Highview Power, a cryogenic energy storage company, will open its Carrington plant near Manchester, England, this year. Cryogenic energy storage is a long-term way of storing electricity that involves cooling air to a temperature of –196 °C. Importantly, the air is cooled while electricity is cheaper—for example, at night—and then stored until peak electrical consumption. The liquid air is then allowed to boil back into a gas, which is used to power a turbine. Highview Power’s 50-megawatt/250-megawatt-hour Carrington project will be the company’s first commercial plant to use its CRYOBattery cryogenic storage technology. Highview Power has stated that it intends to develop a similar plant in Vermont, however no time frame has been set.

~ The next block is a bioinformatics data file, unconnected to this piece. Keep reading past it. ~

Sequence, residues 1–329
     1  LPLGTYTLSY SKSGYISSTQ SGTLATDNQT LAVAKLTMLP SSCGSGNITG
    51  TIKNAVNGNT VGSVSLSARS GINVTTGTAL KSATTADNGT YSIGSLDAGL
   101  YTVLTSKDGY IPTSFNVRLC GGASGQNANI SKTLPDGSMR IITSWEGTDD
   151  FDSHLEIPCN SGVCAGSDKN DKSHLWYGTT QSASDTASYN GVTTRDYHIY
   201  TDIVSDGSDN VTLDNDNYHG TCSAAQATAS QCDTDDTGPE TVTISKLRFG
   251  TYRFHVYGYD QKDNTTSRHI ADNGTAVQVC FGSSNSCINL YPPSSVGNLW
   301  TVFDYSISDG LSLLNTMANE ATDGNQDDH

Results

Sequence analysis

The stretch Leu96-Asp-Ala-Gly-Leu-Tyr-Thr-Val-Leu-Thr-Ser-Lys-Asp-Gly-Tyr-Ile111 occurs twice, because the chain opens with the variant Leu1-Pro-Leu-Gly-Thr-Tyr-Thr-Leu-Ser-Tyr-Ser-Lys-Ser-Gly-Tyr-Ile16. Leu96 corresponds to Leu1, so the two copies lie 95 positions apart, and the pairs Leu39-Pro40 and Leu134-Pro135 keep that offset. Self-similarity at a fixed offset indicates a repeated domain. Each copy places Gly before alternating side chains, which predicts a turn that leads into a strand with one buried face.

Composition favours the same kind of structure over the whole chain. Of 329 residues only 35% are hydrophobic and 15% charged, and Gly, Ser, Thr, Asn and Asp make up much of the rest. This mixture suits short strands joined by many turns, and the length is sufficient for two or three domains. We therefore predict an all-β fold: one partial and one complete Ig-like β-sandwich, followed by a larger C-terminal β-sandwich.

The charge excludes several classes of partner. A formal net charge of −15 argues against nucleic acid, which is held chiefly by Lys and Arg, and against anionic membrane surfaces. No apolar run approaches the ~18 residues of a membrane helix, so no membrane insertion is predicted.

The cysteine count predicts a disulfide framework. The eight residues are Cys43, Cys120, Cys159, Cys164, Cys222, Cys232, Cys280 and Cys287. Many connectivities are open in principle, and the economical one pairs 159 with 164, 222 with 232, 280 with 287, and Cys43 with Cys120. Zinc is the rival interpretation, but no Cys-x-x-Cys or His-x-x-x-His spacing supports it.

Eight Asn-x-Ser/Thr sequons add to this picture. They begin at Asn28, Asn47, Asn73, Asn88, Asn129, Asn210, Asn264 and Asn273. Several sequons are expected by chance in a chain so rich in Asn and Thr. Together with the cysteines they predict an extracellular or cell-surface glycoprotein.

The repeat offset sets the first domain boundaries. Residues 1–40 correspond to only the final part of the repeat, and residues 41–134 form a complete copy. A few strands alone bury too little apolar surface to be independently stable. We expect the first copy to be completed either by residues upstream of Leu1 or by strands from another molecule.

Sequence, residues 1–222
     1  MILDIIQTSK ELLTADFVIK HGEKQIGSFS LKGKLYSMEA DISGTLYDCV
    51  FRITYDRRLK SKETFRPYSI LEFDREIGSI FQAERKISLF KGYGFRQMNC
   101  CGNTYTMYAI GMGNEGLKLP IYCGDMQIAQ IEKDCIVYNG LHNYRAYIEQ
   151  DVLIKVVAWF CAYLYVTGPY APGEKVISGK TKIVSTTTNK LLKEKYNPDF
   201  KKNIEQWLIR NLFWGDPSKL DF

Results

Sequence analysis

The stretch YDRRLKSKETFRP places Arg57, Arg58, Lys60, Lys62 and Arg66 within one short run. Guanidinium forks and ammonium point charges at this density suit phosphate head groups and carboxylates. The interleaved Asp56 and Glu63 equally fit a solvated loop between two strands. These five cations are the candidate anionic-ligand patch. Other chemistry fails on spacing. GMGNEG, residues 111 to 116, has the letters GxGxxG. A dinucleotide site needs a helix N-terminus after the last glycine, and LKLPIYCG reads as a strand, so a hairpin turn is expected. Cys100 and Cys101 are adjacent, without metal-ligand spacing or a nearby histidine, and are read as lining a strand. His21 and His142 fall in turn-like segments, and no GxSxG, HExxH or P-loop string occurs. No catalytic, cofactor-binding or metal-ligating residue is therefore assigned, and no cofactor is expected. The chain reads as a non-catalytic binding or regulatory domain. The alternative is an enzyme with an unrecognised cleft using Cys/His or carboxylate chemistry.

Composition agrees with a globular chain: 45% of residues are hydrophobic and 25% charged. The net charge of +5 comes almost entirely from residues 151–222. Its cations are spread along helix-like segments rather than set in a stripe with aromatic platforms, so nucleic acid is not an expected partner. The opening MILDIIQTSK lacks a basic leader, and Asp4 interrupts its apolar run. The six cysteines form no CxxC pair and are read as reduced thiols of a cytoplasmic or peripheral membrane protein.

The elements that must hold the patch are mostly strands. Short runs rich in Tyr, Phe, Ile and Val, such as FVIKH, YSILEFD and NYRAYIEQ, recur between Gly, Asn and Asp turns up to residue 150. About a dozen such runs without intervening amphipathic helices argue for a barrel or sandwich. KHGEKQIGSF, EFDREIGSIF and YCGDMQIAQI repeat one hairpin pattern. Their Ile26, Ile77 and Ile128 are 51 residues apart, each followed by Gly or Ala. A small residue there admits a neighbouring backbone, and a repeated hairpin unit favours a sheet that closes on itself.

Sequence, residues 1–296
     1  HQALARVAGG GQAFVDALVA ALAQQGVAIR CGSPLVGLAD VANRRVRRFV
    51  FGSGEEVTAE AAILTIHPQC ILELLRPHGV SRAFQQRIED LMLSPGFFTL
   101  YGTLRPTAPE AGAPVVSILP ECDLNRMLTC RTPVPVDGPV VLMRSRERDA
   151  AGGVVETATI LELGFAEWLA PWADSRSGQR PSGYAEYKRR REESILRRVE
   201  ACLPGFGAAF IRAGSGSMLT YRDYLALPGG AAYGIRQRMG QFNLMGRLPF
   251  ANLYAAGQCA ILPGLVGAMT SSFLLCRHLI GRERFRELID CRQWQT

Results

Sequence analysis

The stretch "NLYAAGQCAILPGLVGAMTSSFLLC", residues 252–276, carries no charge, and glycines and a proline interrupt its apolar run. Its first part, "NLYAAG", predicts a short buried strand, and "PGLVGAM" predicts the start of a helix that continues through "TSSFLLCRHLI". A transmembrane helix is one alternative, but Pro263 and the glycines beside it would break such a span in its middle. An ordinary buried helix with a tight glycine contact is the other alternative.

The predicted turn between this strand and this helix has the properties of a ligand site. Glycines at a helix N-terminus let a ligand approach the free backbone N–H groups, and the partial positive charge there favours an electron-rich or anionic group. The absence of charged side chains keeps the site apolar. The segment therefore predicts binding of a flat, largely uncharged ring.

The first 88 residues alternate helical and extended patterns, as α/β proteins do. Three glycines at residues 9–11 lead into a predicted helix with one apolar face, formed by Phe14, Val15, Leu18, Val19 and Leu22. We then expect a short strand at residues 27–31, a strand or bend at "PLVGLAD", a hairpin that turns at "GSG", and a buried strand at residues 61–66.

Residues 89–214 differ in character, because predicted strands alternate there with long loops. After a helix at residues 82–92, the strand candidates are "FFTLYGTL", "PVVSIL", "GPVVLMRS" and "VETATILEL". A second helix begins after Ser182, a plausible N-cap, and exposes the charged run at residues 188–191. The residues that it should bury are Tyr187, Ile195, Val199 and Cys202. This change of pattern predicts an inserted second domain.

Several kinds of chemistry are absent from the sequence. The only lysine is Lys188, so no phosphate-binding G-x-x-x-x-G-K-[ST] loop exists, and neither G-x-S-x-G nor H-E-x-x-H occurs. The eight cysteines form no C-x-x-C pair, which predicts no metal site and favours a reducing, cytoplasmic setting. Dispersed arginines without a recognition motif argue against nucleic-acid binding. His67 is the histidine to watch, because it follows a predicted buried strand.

Cryptocurrency that is Carbon-Neutral?
Nori, a Seattle-based firm, is planning to launch a cryptocurrency for carbon abatement. Nori’s Ethereum-based currency will be issued in 500 million tokens (called NORI). Individuals and businesses can buy, sell, and trade NORI, and eventually swap any NORI they have for carbon credits. Each carbon credit signifies a tonne of CO2 that has already been taken out of the atmosphere and buried underground. A NORI is retired when it is traded in this fashion, making it impossible for owners to “double count” carbon credits and appear to be offsetting more carbon than they actually are. The company has admitted that Ethereum and other blockchain-based technologies require a lot of energy, so the carbon it sequesters could have come from cryptocurrency mining. However, in 2022, Ethereum will transition to proof-of-stake, a considerably more energy-efficient technique of certifying its blockchain, which Nori will take advantage of when it launches.